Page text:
to be re-priced
Average reduction is
estimated to be 40 percent
The Ministry of Public Health (MoPH) will step up its efforts to re-price medication to reduce healthcare costs across the board.
Every five years the ministry compares the cost of thousands of medicines against those costs in seven reference countries, and adopts the lowest price. The MoPH will speed up that cycle in January, and re-price medication every three years and pass those savings to consumers. Medication, generally, drops in price the longer it is on the market, especially after pharmaceutical companies recoup their costs, and generics become available.
The ministry will re-evaluate the prices of 1,600 drugs starting in January. It expects to re-price some 3,400 of the 5,000 registered medications in 2019, said the MoPH.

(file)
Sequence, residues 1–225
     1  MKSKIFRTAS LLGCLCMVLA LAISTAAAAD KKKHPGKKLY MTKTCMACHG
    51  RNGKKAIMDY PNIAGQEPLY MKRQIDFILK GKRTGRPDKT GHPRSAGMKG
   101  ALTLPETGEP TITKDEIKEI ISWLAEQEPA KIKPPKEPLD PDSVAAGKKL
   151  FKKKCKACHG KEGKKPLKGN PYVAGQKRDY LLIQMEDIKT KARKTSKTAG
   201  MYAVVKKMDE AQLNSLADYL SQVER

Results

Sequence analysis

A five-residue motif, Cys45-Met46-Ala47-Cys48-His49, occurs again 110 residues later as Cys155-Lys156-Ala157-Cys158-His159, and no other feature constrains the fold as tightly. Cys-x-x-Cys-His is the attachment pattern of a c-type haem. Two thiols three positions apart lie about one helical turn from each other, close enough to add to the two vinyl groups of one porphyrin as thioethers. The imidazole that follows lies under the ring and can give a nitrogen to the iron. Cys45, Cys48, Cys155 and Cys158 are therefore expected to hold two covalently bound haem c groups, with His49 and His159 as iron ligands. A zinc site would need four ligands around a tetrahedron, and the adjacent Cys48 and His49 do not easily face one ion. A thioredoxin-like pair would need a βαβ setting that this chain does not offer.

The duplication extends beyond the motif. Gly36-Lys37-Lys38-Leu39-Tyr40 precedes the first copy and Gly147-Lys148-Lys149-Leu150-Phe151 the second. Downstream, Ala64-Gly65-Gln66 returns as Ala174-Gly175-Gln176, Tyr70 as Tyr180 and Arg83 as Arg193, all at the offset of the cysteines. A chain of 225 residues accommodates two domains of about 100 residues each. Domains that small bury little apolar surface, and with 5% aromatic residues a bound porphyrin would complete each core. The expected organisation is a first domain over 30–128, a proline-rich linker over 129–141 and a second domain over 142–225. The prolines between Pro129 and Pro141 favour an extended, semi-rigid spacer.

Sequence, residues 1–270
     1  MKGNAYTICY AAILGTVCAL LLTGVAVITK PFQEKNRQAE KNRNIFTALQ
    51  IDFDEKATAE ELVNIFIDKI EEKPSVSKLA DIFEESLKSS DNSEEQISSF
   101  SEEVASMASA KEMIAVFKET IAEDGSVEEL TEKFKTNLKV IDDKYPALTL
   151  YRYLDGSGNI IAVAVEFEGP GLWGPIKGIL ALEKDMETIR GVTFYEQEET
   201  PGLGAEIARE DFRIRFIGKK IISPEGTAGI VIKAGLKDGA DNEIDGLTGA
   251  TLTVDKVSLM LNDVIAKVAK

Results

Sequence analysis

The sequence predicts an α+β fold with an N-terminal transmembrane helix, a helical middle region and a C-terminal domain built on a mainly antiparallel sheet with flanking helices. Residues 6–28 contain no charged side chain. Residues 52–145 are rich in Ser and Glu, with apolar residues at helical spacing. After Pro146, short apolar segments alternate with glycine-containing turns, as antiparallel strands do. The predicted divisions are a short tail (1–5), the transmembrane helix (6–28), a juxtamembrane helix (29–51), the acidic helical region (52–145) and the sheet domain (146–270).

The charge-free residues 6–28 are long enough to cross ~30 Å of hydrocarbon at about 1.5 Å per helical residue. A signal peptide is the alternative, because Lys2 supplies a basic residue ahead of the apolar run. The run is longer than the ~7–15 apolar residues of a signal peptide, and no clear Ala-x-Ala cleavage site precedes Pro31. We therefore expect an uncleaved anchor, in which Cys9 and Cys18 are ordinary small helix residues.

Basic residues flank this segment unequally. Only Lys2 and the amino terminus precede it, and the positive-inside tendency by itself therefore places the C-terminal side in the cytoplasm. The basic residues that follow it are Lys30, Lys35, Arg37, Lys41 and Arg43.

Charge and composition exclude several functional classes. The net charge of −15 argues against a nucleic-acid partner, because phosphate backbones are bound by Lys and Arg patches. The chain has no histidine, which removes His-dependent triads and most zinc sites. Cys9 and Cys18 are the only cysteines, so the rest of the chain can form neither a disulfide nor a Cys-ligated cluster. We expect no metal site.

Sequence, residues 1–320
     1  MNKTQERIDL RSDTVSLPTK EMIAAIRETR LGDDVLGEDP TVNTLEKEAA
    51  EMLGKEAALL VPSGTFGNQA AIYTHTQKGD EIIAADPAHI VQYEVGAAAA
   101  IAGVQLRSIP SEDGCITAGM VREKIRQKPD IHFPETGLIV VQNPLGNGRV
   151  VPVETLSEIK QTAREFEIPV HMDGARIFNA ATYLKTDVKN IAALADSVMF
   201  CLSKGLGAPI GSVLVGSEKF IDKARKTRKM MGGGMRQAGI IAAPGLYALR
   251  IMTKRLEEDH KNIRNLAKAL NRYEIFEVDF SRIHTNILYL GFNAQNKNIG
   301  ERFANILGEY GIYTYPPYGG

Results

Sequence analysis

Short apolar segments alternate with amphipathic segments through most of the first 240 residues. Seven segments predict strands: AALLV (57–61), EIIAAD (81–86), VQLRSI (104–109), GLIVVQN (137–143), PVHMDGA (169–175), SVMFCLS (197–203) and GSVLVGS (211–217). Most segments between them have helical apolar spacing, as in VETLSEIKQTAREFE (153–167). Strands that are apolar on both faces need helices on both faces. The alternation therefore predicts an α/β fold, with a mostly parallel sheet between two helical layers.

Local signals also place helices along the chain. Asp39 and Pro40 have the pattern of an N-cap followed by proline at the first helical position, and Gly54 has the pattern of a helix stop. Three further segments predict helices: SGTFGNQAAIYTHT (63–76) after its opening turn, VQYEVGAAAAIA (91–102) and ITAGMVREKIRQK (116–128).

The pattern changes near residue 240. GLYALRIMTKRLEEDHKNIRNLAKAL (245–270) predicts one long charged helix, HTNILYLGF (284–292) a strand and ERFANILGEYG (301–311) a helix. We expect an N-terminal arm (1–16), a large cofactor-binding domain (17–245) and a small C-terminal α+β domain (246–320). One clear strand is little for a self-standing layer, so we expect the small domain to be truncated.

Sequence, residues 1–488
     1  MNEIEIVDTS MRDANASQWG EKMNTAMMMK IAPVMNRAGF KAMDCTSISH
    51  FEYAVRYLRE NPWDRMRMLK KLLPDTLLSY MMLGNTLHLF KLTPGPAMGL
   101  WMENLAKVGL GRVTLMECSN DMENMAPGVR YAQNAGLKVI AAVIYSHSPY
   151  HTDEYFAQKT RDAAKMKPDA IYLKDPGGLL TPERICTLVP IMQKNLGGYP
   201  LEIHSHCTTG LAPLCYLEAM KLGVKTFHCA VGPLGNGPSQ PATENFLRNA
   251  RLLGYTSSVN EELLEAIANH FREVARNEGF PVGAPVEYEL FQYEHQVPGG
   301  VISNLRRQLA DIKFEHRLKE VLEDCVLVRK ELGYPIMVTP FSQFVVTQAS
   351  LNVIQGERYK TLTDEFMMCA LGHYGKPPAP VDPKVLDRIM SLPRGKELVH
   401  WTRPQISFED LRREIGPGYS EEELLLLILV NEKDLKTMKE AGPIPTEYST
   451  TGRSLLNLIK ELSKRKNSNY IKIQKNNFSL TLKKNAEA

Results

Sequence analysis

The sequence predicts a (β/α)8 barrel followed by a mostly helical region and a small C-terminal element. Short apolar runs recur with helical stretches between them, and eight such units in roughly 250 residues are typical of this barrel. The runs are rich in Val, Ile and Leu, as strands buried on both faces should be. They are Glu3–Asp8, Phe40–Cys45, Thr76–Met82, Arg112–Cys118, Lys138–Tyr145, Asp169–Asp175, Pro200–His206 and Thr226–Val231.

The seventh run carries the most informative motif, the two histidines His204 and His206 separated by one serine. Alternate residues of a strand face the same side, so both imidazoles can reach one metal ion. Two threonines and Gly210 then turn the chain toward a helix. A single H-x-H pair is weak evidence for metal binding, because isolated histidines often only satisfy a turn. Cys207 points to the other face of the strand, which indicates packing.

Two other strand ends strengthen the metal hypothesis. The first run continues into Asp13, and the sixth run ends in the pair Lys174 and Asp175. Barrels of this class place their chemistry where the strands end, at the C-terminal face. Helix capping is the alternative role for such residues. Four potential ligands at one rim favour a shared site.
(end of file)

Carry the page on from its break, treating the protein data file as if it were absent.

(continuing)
Customers can expect to save an average of 40 percent on medication, with some reductions reaching 70 percent.
An additional 300 generic imported medicines will be re-priced because their prices should be ten percent lower than that of the originator. The price of local generics will not be reduced, in order “to support the local pharmaceutical industry,” said the MoPH.
The ministry last year allowed pharmacists to replace imported generics with locally-manufactured versions. It also removed Customs levies on raw materials needed to manufacture pharmaceuticals.
The average annual pharmaceutical expenditure per capita is $244, and is expected to drop to $144, with an equivalent amount by the government represented by insurance funds such as National Social Security Fund, and Internal Security Fund, and others. This adds the national pharma cost to $288, post decrease. In Europe it is $550, and in the United State $1,600.
Date Posted: Dec 21, 2018